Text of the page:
Ah, the feels. Yes, here we've come back full circle. Like any good trilogy, the middle one leaves you on a minor note, so as to appreciate the resolution in the third. With the Cornetto trilogy, the second one, though satisfying, left me wanting more. More poignancy. I had tasted it in Shaun of the Dead and caught a glimpse of it in Hot Fuzz, but was hoping to come face to face with it here. Higher stakes, heavier baggage and hard core grudges more than amply supply The World's End with the needed substance. Take any of the characters and there's enough in each one to create interest and emotions, but have them orbiting Gary, the kingpin of their wheel, the story radiates in all directions. Each messy life gets messier, as the old wounds come to the fore. The regrets and missteps have their last word, though. It's this messy imperfection which makes us, us and in the end, would we have it any other way?

Yeah, it always surprises me when I get reminded that this is the least beloved of the three, because its core dynamic is so strong, Pegg is so funny and at times touching, and I love that ending. It's a classic sci-fi idea, that humans are too messy and chaotic and that's what makes us imperfect but it's also who we are and we need to accept it: that's basically every other Star Trek episode, but when you add funny, emotional drunks to the recipe, it works wonders for me. And Wright's talent for editing action and comedy is on full display too.
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oldkid

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Re: Top 100 Club: Teproc
« Reply #26 on: September 12, 2018, 05:40:10 PM »
I love all three in the trilogy, but World's End is the one I find I most enjoy returning to.
"It's not art unless it has the potential to be a disaster." Bansky

Sandy

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Re: Top 100 Club: Teproc
« Reply #27 on: September 14, 2018, 03:23:06 PM »
It's a classic sci-fi idea, that humans are too messy and chaotic and that's what makes us imperfect but it's also who we are and we need to accept it: that's basically every other Star Trek episode,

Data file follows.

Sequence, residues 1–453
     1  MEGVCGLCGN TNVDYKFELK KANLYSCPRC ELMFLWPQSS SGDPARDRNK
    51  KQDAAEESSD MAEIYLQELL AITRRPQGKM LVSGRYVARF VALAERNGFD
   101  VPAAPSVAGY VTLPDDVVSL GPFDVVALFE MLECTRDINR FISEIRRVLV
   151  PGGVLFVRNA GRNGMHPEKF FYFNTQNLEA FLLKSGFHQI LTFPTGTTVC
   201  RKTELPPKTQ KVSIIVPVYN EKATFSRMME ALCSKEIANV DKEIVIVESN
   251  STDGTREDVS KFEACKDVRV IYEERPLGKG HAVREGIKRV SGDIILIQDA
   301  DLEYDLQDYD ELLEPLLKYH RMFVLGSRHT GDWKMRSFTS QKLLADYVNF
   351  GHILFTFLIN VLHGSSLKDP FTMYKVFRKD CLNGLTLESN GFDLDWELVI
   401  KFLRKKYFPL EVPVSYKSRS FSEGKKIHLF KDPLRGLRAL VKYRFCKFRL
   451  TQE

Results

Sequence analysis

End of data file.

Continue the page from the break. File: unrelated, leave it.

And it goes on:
No wonder I liked the film so much! :D

Quote
but when you add funny, emotional drunks to the recipe, it works wonders for me. And Wright's talent for editing action and comedy is on full display too.

Absolutely! Thanks, Teproc and oldkid for encouraging me to see this.

Dave the Necrobumper

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Re: Top 100 Club: Teproc
« Reply #28 on: September 17, 2018, 07:18:50 AM »
The Hateful Eight (2015 Quentin Tarantino)

This is a film to be seen on the biggest possible screen. I have a projector and watched it as an 8 foot wide image and it just did not do it justice. Part of the problem is it is in a super wide format (Ultra Panavision 70 aspect ratio 2.76 : 1) so the image was not very tall. At over 2.5 hours long it is not a fast watch. Still I managed to find a time where I could watch it all, except I ended up having to watch the last few minutes of the story the following morning as battery problems left me hanging too late to sort them out.

Once again Tarantino has given us an interesting cast of characters, and with the mainly single location, this has a bit of a Reservoir Dogs feel. Tarantino gives us a movie that savours each morsel letting the moments gently roll around on your palate before being swallowed. So the length of the film is countered a little with the tastiness of the contents. Still in a few parts I was hoping for a bit more swallowing and a little less  savouring.

What a wonderful cast with all of the bringing there A game to the table, with Jennifer Jason Leigh providing a gleeful devilish performance. I have trouble faulting the movie, but still it did not fill me, so I can not give it high marks.

Rating: 78 / 100

Sandy

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Re: Top 100 Club: Teproc
« Reply #29 on: September 17, 2018, 03:47:11 PM »
The Grand Budapest Hotel



"If you stay here and this becomes your present, then pretty soon, you'll start imagining another time was really your, you know, was really the golden time. That's what the present is. That it's a little unsatisfying, because life's a little unsatisfying." -- Midnight in Paris

How does one span three generations, finding nostalgia, within nostalgia, within nostalgia? How does one create a 3D world while implementing a 2D cut out style? How does one assemble highly skilled actors, in just the right roles, saying just the right lines, in just the right way? How does one frame everything into an inch of its life, which elicits such a satisfying sigh? How you say? You invite Wes Anderson to take the helm.

To Mr. Anderson, the cast and crew, "With respect, adoration, admiration, kisses, gratitude, best wishes..." Cordially, Sandy